Now when Job’s three friends heard of all these troubles that had come upon him, each of them set out from his home—Eliphaz the Temanite, Bildad the Shuhite, and Zophar the Naamathite. They met together to go and console and comfort him. When they saw him from a distance, they did not recognize him, and they raised their voices and wept aloud; they tore their robes and threw dust in the air upon their heads. They sat with him on the ground seven days and seven nights, and no one spoke a word to him, for they saw that his suffering was very great. Job 2:11-13
In the pain of Job’s course correction, his friends came, sat, and offered a little ‘Christ-light’ to him. It only lasted for seven days before they reverted to our humans’ desire to F.A.S.S. – fix, advise, save, set one straight.
Please embrace me
When I was pastoring in church life, I would sadly come across people who stubbornly refused to embrace the pain of living in a fallen world. Instead, they would run and hide from it. They would self-medicate and self-harm.
Then there would be those who would bury it and try and stuff it down.
It would always reemerge somewhere else in some other way. Resentment, unforgiveness, bitterness, depression, control. It would be ‘transmitted,’ as Richard Rohr would say.
If we do not transform our pain, we will most assuredly transmit it—usually to those closest to us: our family, our neighbors, our co-workers, and, invariably, the most vulnerable, our children. Richard Rohr
Perhaps they had decided their pain was too big for anyone to help them with. Maybe they considered it too insignificant to be considered important to share.
But I believe that as we learn that course correction is expected and embracing the pain is normal, then perhaps we will find the light of Christ opening up to us. We see the comfort of a Good Shepherd, rod, and staff leading us through and out.
Even though I walk through the darkest valley,
I fear no evil;
for you are with me;
your rod and your staff—
they comfort me.
Repentance can be a sweet delight of course correction. A knowing the fullness of pain and turning oneself to the open and welcoming arms of a Christ embrace.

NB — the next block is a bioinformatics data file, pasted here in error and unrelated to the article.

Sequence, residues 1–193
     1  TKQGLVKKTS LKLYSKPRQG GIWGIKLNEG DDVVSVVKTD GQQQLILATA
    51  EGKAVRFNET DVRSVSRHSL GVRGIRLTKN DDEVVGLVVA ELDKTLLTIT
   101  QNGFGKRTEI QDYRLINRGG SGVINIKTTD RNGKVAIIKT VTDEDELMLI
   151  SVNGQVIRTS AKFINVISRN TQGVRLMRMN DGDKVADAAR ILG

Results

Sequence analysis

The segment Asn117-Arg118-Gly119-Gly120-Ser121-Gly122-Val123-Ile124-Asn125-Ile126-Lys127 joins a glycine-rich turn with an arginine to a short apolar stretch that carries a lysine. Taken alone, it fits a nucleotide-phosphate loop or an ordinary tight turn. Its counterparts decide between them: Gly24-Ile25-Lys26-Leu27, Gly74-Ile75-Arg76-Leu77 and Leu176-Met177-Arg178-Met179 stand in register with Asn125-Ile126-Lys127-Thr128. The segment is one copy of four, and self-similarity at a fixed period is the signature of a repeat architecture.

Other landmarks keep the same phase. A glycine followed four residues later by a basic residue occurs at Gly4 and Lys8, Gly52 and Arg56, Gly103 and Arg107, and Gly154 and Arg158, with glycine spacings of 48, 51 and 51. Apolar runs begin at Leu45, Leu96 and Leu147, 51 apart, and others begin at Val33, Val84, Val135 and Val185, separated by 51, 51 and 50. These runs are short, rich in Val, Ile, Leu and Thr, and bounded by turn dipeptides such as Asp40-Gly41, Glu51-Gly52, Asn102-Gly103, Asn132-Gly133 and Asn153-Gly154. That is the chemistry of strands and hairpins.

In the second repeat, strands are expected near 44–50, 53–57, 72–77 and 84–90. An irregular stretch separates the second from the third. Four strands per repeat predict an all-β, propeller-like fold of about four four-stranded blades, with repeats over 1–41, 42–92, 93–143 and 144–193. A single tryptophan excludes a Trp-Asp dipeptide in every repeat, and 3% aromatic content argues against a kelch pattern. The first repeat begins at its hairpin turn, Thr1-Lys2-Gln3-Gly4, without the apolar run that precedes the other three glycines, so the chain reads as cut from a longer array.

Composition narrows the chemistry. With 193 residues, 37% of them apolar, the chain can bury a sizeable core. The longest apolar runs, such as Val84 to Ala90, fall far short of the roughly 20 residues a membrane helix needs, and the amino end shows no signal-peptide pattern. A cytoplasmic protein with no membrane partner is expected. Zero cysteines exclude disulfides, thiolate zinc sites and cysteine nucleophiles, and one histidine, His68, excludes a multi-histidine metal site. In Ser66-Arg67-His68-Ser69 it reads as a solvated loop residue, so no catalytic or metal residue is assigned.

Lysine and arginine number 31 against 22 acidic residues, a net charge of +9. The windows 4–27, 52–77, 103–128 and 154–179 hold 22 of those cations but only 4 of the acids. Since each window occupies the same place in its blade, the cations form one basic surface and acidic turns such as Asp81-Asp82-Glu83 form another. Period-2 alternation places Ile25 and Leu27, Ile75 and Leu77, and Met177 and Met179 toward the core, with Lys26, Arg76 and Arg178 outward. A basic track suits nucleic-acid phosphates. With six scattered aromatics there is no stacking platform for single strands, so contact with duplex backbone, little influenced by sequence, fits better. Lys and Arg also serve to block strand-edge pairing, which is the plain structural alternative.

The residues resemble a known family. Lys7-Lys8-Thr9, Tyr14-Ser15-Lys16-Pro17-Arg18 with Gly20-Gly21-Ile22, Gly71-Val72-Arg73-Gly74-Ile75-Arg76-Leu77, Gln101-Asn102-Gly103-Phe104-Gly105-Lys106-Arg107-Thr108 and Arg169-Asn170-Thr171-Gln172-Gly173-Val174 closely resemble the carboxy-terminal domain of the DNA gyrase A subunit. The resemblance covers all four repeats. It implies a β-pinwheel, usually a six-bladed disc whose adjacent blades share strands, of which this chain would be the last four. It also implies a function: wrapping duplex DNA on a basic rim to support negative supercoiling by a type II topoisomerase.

Quotes to consider
- Owning our story can be hard but not nearly as difficult as spending our lives running from it. Embracing our vulnerabilities is risky but not nearly as dangerous as giving up on love and belonging and joy—the experiences that make us the most vulnerable. Only when we are brave enough to explore the darkness will we discover the infinite power of our light. Brené Brown
- The men and women who are truly filled with light are those who have gazed deeply into the darkness of their own imperfect existence. Brennan Manning
- Despair is what happens when there is a lack of new creation. When things are just are what they are and there is a deep sense of impotence that there is nothing you can do about it. Rob Bell
- Despair is a spiritual condition. Despair is when you fall under the belief and conviction that tomorrow will simply be a repeat of today. Rob Bell
- Out of the wound we pluck the shrapnel.
Thorns we squeeze out of the hand.
Even poison forth we suck, and after the pain we ease.But images that grow within the soul have life
Like cancer often cut, live on below the deepest of the knife
Waiting their time to shoot at some defenseless hour
Their poison, unimpaired, at the heart’s rot,And, like a golden shower, unanswerably sweet,
Bright with returning guilt, fatally in a moment’s time
Defeat our brazen towers long-built;And all our former pain and all our surgeon’s care
Is lost, and all the unbearable (in vain borne once) is still to bear. C.S. Lewis, “Relapse”
- An embrace involves always a double movement of opening and closing.
I open my arms to create space in myself for the other.
The open arms are a sign of discontent at being myself only and of desire to include the other.
They are an invitation to the others to come in and feel at home with me, to belong to me.
In an embrace I also close my arms around the others – not tightly, so as to crush and assimilate them forcefully into myself, for that would not be an embrace but a concealed power-act of exclusion; but gently, so as to tell them that I do not want to be without them in their otherness.
I want them in their openness.
I want them to remain independent and true to their genuine selves, to maintain their identity and as such become part of me so that they can enrich me with what they have and I do not.
Judith M Gundry-Volf, Miroslav Volf. A spacious heart: essays on identity and belonging.
Questions to answer
- What is your emotional response to hearing the word ‘Repent’?
- Embracing the pain seems such a counter-cultural activity to do. What are your ‘go-to’ pain avoidance strategies?
- What would Christ say to you about the pain load you carry?